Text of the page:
6 Events That SHOULD Happen When Nurses Make Mistakes

I can remember the last time I made a mistake at work. One of a nurse’s greatest fears is that they might one day inadvertently hurt a patient. For a split second, panic took over me. In an instant, every bad possibility flashed through my mind, taunting me of what could come. Thankfully, it only lasted for a split second. I did not hesitate to notify the physician, the charge nurse, and then I “told” on myself through a hospital-wide reporting system. Because that’s what nurses do when they make a mistake, they hold themselves accountable. They know that the only way things will get better is if the near-miss or error is reported, allowing everyone to review work flows and related issues.

When a mistake is made:

1. You make a decision. Make the right one. Thinking back on every single mistake or error I’ve ever made in my career, I can always think of ways I could have covered it up. After all, we’re nurses! We know what counteracts what if it happens to be a med error. But we know we can’t do that. Our ultimate goal is for improved outcomes, and without knowing where the issues are, we are unable to advance our practice and processes. And of course, we have to make sure that no one was hurt in the process. But every time you hear in the news that a nurse or provider confessed quickly to a mistake, they should be supported—-because they could have made the wrong decision.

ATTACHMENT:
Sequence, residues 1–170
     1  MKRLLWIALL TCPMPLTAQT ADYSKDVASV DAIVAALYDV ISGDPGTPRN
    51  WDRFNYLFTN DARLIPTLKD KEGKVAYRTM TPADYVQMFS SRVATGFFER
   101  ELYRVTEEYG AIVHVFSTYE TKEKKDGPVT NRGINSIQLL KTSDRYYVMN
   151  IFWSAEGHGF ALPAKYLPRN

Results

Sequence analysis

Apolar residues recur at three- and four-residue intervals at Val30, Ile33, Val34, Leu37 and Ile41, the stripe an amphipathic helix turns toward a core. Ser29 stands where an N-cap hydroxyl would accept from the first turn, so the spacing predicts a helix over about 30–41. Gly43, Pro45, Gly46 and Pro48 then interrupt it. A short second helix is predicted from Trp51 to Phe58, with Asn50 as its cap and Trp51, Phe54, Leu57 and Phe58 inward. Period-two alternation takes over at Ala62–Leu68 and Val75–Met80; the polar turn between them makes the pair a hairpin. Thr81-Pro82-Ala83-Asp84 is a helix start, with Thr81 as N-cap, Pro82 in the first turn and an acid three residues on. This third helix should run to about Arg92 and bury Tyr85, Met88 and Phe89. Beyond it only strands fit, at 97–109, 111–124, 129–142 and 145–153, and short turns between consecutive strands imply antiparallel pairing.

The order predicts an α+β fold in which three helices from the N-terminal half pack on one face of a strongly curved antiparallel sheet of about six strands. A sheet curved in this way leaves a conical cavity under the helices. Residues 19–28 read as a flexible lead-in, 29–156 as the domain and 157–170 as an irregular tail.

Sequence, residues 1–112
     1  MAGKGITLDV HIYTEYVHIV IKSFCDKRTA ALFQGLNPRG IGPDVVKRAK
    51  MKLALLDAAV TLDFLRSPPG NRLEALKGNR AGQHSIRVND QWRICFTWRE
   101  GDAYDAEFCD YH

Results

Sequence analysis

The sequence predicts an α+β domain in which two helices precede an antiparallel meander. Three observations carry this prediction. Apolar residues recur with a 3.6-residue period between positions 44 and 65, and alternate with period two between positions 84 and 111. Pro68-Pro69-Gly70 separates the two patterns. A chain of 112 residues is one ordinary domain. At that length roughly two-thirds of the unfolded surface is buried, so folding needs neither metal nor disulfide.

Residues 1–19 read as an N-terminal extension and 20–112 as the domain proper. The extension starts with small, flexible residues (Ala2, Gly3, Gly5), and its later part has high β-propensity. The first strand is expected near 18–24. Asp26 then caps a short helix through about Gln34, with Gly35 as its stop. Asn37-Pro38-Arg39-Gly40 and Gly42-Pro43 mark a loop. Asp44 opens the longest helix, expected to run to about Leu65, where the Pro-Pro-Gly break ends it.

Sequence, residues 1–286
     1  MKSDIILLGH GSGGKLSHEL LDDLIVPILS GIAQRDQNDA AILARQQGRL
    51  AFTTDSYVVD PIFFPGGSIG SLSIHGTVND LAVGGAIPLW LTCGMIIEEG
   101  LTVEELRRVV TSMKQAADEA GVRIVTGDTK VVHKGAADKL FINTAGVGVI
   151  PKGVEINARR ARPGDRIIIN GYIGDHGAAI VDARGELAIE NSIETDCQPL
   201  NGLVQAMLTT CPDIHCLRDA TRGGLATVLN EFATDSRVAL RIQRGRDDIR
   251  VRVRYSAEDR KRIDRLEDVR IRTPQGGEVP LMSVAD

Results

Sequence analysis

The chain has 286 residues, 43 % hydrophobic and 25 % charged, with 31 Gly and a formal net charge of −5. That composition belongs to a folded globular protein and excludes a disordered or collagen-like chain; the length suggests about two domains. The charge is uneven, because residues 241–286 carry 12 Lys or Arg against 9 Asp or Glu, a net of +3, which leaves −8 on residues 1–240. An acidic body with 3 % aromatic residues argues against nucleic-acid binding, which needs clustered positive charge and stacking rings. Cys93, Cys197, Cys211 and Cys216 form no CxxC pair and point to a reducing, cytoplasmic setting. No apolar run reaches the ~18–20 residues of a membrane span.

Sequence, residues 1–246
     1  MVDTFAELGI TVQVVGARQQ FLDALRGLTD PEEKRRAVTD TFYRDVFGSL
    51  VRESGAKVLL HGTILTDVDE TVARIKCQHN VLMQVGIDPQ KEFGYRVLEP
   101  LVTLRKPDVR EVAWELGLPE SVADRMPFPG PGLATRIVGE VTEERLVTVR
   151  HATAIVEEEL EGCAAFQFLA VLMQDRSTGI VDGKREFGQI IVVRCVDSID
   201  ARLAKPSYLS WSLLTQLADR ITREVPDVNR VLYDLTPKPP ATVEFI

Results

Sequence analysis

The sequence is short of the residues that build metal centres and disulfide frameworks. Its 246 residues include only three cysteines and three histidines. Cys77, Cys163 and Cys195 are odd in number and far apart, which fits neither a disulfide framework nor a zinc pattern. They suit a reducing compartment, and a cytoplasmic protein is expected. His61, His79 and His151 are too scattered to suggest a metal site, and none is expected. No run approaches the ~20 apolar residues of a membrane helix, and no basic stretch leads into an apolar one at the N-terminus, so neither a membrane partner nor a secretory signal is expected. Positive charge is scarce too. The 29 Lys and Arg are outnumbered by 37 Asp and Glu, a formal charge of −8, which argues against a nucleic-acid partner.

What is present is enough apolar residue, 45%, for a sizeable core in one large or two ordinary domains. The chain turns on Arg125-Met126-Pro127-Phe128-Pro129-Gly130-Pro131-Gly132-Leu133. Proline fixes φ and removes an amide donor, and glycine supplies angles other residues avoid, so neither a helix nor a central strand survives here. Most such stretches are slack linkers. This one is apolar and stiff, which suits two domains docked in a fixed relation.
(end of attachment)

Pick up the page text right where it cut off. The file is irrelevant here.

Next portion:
2. Notify the appropriate people. When you make any type of mistake, you should immediately notify the charge nurse, who will ensure that every base has been covered, and the physician or midwife, who will also need to know as the patient’s provider. Last, but not least, you should then file the event on the hospital-wide reporting system.

3. Don’t be embarrassed. This can be hard, but remember that we’re all human and we’ve all made mistakes. Sometimes we’re harder on ourselves than anyone else could ever me. We have to cut ourselves some slack! If anyone sticks their nose up at your error, remember that they’ve made their own in their career. And if they say they haven’t, then refer to #1 and just know they didn’t make the right decision…

4. Tell everyone you know. Someone once told me if I ever make a mistake, I should tell everyone I know so that people would be able to talk about it behind my back. And I liked that! I’m a total self-confessor, and I’ve learned that people are more likely to reveal their own past mistakes to make you feel better. We are nurses after all, we’re constantly trying to make people feel better. And it reassuring to know that every nurse has had some level of “whoops” in their career.

5. Forgive yourself. Depending on if your mistake reached the patient, you may have a hard time with this one. But you have to get over it and move on. The end.

6. Learn from your mistakes. One of the most important things about being involved in a mistake or an error is that you learn from it. Learn everything you can so that you never make the same mistake twice. Think of personal action items that you can control to keep the mistake from happening again.


Until my next delivery <3

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